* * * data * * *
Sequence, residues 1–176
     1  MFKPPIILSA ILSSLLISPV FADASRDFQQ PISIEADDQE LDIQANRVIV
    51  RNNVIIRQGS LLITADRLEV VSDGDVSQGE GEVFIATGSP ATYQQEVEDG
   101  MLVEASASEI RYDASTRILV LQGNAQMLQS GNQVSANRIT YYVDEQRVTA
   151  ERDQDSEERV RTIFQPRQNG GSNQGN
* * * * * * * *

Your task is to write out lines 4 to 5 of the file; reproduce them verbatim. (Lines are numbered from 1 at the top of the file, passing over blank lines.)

   101  MLVEASASEI RYDASTRILV LQGNAQMLQS GNQVSANRIT YYVDEQRVTA
   151  ERDQDSEERV RTIFQPRQNG GSNQGN